Kimberly Abels, Ph.D., currently directs the Writing Center. She is responsible for the Center’s long-range planning, programming, outreach, and collaborations. Vicki Behrens, Ph.D., is the assistant director. She offers professional guidance and training to the graduate students who coach at the Writing Center. Gigi Taylor, Ph.D., and Becky Butler, Ph.D., are the Writing Center’s ESL specialists. They help writing coaches, faculty, and staff provide effective writing support for ESL students. They also provide instruction about academic communication, English language, and American culture for UNC’s international students and scholars.

Staff 2016

Many of the Writing Center’s writing coaches are graduate students from a wide variety of disciplines. They have been chosen as staff members based on their superior teaching skills and have undergone more than 60 hours of training in the teaching of writing.

In the fall of 2011, our first group of undergraduate tutors joined the Writing Center team. These tutors took a three credit hour class, English 402, to prepare them to work with their peers.

Since each writing coach has an individual approach, we suggest trying out several coaches in order to find the style that works best for you. You can learn a little more about some of our writing coaches by reading their responses to the question “What is writing like for you?”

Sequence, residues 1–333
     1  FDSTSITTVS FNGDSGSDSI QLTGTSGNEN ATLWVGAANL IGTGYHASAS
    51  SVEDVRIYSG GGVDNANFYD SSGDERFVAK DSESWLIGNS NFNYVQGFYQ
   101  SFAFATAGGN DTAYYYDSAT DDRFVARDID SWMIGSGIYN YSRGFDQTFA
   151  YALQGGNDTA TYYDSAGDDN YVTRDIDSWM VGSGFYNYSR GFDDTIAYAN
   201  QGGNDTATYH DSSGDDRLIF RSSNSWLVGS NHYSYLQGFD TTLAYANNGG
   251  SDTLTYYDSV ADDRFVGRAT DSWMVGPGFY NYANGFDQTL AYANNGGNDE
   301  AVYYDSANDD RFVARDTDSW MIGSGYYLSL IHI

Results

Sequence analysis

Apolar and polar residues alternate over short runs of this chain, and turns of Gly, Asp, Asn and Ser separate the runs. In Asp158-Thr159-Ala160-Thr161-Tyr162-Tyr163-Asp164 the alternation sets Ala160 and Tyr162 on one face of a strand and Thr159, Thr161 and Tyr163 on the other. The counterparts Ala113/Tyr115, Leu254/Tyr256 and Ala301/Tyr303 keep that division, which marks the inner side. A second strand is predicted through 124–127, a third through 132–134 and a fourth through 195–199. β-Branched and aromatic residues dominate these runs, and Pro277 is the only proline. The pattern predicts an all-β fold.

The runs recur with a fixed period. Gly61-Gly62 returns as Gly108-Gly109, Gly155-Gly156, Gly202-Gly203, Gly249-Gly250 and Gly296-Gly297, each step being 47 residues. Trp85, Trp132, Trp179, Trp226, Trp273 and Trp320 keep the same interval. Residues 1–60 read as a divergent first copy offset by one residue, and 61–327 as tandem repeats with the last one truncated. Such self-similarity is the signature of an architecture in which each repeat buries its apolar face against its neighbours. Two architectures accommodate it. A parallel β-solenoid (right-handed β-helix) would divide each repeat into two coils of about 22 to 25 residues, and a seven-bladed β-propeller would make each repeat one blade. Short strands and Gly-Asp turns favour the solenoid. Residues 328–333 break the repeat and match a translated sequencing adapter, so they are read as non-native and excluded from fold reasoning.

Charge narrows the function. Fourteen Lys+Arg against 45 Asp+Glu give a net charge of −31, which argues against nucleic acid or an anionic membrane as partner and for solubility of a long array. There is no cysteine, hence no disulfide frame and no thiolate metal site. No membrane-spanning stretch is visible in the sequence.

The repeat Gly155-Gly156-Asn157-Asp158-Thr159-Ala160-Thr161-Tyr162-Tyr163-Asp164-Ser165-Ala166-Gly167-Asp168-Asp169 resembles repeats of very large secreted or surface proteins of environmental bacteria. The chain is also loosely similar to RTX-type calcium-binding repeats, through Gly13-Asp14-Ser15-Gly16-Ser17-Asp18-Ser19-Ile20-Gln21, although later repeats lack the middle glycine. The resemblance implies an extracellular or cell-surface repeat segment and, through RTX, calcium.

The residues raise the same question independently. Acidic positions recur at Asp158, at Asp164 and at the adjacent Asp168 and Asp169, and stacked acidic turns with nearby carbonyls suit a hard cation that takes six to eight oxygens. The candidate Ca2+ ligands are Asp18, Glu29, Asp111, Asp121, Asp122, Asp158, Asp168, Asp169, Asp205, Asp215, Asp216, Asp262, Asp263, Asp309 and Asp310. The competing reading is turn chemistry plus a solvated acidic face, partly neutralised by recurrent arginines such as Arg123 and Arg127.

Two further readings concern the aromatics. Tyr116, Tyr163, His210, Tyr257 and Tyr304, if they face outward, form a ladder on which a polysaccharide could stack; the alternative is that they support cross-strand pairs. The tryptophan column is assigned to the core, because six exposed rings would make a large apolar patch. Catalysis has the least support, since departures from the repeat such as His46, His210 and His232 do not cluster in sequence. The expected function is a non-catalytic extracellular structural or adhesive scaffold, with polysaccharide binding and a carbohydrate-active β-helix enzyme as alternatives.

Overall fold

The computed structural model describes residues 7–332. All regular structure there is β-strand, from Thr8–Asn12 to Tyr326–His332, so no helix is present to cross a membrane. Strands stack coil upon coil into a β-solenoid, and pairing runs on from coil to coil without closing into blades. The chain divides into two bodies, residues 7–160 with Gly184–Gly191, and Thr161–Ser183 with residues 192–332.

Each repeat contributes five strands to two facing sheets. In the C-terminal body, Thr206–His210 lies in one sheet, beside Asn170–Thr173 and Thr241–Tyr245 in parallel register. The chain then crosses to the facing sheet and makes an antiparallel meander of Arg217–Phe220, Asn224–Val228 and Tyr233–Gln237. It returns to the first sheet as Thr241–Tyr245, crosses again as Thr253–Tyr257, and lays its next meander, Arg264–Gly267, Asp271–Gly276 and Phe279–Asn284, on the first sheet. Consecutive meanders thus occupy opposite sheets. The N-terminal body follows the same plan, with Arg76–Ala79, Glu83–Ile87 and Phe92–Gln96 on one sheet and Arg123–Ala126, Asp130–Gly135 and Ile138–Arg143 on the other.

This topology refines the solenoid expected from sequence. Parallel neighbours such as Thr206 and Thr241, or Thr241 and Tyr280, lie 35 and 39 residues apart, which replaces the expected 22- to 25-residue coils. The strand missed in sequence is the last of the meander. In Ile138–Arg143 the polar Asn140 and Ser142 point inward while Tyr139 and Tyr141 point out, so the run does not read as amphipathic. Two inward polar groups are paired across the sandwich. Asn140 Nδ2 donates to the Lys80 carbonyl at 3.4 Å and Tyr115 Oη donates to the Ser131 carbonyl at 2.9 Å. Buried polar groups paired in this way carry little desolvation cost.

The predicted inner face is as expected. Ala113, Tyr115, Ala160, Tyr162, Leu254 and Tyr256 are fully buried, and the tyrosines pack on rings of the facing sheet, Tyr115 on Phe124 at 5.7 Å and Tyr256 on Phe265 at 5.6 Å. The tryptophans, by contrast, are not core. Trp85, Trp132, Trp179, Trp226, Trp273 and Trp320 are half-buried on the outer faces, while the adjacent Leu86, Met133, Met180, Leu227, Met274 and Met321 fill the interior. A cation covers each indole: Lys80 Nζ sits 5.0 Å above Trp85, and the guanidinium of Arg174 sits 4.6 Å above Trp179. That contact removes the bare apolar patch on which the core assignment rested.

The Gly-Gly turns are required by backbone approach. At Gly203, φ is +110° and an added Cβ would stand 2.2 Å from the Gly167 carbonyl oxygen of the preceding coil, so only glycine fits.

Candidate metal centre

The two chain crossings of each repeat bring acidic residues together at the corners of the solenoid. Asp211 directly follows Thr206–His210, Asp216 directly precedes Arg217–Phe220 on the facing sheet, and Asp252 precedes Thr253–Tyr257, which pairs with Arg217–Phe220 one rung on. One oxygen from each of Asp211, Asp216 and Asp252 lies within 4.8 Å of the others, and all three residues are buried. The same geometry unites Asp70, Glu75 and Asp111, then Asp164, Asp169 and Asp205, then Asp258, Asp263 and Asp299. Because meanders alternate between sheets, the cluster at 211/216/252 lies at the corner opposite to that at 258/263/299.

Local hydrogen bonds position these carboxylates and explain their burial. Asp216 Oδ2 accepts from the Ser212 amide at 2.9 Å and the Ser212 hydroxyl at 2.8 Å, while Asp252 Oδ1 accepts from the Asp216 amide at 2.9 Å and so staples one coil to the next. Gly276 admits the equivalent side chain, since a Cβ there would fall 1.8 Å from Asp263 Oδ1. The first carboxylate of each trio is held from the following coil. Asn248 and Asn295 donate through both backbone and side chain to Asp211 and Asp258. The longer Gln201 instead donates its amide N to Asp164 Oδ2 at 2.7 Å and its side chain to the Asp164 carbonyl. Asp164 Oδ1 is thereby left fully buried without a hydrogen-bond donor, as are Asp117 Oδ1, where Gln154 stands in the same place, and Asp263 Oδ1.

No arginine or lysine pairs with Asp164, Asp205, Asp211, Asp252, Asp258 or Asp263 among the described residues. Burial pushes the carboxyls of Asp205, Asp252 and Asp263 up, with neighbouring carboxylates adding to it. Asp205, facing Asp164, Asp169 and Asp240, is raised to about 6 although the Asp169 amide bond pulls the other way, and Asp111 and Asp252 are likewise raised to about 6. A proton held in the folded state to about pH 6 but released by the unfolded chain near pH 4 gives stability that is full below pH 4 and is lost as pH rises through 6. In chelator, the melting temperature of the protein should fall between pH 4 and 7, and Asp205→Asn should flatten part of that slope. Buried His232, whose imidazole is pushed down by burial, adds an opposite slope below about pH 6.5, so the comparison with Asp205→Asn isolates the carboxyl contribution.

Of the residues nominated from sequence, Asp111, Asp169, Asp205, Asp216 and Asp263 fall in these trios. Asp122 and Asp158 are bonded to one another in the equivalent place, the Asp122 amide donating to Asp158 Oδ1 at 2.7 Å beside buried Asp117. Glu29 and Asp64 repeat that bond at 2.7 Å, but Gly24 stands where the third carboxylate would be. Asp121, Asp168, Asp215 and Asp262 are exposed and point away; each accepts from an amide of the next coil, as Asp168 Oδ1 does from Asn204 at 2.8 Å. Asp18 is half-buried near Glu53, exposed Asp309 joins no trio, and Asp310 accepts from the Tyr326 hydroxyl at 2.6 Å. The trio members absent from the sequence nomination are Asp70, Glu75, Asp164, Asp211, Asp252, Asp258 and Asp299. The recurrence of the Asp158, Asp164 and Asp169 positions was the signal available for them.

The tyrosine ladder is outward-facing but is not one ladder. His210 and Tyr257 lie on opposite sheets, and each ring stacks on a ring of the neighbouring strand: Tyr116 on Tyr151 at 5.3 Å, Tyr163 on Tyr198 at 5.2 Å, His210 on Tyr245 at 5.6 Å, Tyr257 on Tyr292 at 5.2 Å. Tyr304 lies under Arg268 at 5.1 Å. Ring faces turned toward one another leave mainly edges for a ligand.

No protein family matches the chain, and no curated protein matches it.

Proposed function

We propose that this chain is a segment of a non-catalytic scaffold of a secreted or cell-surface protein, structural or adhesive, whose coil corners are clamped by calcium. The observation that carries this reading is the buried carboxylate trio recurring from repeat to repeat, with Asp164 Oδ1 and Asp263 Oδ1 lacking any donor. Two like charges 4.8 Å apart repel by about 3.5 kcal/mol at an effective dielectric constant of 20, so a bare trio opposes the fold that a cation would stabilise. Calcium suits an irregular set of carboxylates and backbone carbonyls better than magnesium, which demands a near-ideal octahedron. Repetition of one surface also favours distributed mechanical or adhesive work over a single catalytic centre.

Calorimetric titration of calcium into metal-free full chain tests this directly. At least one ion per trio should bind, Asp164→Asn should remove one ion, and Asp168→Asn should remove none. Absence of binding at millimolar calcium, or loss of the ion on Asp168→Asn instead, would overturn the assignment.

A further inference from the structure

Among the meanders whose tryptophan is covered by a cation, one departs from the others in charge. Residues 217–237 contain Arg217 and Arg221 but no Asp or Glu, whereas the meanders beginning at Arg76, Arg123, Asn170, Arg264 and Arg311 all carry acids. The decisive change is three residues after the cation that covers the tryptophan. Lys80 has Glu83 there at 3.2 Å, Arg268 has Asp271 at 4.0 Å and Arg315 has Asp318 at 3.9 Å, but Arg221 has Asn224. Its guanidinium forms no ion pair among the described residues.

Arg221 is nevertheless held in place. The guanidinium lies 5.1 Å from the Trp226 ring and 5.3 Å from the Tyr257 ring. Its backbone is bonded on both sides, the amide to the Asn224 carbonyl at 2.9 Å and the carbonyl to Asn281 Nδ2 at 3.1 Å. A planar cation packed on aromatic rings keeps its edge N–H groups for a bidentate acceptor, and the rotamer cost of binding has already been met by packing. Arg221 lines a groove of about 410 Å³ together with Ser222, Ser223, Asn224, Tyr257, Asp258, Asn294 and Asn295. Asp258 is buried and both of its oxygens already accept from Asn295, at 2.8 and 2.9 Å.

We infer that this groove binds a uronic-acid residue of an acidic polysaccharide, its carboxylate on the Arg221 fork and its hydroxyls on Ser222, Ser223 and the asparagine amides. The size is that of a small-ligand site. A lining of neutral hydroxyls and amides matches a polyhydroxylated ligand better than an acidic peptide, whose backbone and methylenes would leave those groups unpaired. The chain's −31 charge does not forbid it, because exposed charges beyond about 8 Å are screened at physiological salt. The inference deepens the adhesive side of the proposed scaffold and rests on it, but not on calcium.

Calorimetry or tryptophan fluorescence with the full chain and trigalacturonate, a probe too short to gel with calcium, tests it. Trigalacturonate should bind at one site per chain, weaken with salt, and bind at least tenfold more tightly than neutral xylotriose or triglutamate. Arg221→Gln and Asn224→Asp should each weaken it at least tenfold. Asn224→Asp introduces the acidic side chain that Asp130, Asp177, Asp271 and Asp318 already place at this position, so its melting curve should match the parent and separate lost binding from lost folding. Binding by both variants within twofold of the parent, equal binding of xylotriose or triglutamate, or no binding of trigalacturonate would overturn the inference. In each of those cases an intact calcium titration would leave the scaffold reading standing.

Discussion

Alex Writing is like…a likeable likening of likened likes to likers likely liked by likelier lichen and likeliest likings alike—in all likelihood, a lifelike likelihood of misliked mislikers misliking unalike lookalikes and unliked likenesses likewise.
Andrew Writing is like tending a garden. In the spring you make a plan on what to plant. You need to take account of the soil and climate, but also your preferences for vegetables to put in your diet and flowers you think smell nice. Once you plant, the work isn’t over. You need to weed the garden constantly, water it regularly, and keep the soil fertile. You also might decide to plant something new or tear out a plant that isn’t growing well. In the fall, after all your hard work in the hot sun and careful patience, it’s time to harvest and enjoy the fruits of your labor! Like gardening, writing takes planning, hard work, good decision making, and sometimes more important than anything, patience to let things grow.
Anna Writing is like those little parachute men you would throw off the deck as a kid. Sometimes you make it to the ground with a perfect landing. Sometimes you’re hung up in a tree waiting for someone to rescue you. But most times you make it to the ground with just a few bumps.
Carla Writing is like swimming against a current. The writing process requires an enormous amount of effort and endurance. At times, you get stuck with writer’s block and feel frustrated or exhausted or both, just as you would feel when pushing against that current without really moving forward. But at other times you feel energized and can swim through easily as words just flow to the page. Most importantly, at the end, you feel relieved that you swam to the finish with an overwhelming sense of accomplishment.